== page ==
Lacuna, by David Adams


First off, I know this isn’t the review I promised. But I’m about halfway through Moby Dick and will have it up soon I promise you.

So this was the very first book I’ve ever read in full on my Kindle, and I believe it was also independently published by Amazon given that it came with no other publisher references.

Generally speaking, Lacuna  is a fairly decent novel. Great moral and use of science. Like any good sci-fi novel, it ticks the basic boxes set out many, many years ago by various sci-fi authors who all had great, solid, and optimistic ideas about what the future would actually look like. You had the daring captain, the love interest, the creepy alien, the battleship, and the pitched battles as one side fought the other in a challenge of good versus evil. But, in spite of these elements, Lacuna was missing  a few key ingredients that usually make a good sci-fi a great one. As a veteran sci-fi reader and writer, these omissions stood out like a TARDIS in the middle of a corn field to me. It also made me mourn for the novel; it has so much potential, but never quite reached out and grasped it.

First of all, Lacuna largely lacked in believability and plot coherence. But Admiral, I hear you say, it’s a sci-fi it’s not supposed to be believable! Perhaps you’re right, but as with every kind of novel one must always be able to suspend their belief  in the real world, so that the fictional one can take over. This is where Lacuna left me sour. I kept trying to find points to redeem it on, but whenever I found one ten other points defamed it. The characters were all larger than life, and in some cases acted in very unpredictable ways which often left me confused and slightly worried for their sanity. Other characters were forgotten about, and sometimes fell victim to the common writers problem of giving a side character too much importance in proportion to their role in the novel. Some of them were just plain obnoxious, and could have done with a long walk out of a short docking bay.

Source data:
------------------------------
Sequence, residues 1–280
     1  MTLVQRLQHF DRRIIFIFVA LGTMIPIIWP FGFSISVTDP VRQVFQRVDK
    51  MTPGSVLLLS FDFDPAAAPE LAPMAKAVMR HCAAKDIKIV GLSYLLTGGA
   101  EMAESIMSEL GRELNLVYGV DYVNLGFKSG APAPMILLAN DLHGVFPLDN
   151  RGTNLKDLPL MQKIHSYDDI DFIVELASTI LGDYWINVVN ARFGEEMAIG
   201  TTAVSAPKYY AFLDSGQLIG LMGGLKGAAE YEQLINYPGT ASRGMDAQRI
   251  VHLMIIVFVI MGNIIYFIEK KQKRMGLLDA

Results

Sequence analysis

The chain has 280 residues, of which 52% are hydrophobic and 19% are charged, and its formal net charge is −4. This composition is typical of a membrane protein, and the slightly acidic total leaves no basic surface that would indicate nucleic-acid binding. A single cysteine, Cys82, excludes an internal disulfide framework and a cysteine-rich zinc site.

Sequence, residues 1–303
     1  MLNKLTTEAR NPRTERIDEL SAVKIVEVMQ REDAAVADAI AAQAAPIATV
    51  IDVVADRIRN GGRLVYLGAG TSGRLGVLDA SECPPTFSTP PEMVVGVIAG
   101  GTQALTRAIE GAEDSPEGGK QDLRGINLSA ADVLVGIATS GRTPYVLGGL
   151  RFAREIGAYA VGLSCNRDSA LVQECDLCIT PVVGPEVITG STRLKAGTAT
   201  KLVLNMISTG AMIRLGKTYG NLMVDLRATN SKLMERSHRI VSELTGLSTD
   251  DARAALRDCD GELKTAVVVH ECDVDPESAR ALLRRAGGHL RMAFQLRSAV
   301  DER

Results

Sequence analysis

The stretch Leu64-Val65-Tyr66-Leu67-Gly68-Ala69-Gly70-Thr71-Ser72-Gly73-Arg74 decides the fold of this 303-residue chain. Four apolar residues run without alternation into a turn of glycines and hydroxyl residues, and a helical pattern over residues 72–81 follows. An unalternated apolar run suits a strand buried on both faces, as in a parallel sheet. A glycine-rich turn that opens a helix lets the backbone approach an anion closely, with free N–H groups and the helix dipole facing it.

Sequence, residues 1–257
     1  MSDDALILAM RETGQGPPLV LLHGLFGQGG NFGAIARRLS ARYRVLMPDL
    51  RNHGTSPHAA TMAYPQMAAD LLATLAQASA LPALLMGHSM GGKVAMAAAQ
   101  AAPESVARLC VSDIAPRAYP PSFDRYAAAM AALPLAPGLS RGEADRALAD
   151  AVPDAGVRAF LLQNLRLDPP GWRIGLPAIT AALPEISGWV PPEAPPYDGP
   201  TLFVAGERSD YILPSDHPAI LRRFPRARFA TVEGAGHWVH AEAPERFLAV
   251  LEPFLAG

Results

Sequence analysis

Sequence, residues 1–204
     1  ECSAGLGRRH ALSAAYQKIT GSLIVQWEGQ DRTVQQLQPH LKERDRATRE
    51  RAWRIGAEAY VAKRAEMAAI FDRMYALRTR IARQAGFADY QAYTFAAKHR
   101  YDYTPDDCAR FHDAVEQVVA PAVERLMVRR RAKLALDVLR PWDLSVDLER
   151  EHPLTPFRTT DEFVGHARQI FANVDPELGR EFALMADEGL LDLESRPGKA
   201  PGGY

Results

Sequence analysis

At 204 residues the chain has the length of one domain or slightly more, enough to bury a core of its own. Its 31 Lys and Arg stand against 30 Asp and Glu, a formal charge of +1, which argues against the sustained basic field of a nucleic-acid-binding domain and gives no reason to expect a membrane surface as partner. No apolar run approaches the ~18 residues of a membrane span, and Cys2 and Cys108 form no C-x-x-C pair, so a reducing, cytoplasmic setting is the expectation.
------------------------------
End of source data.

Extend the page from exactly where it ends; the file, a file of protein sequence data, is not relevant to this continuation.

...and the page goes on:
The plot itself would often jump from point to point, often without any preface or explanation, and I felt that it had a lot of room to grow and provide more points of interest for the readers. In terms of believability and coherence, it was straight up, out of this world fiction. The kind where the science is so advanced that it seems impossible, and the kind where the way the story unfolds can often raise more questions than it answers.

Readability was one of the great things about Lacuna. Even though the plot was haywire and the characters were overly real, I still found myself wanting to find out what happened next. Driven by curiosity more than anything, I suppose.

If I were to say one thing about Lacuna, it would be that firstly it’s a book that tries to be something that it just can’t quite get to. But, that said, it is also a book that has a nice chunky moral to it, and in spite of itself it teaches you something. That something is that one should never take the unknown for granted, because maybe – just maybe – it can show you something that you never thought possible. And that’s where the magic lies.

So until the next review.

Don’t stop reading!



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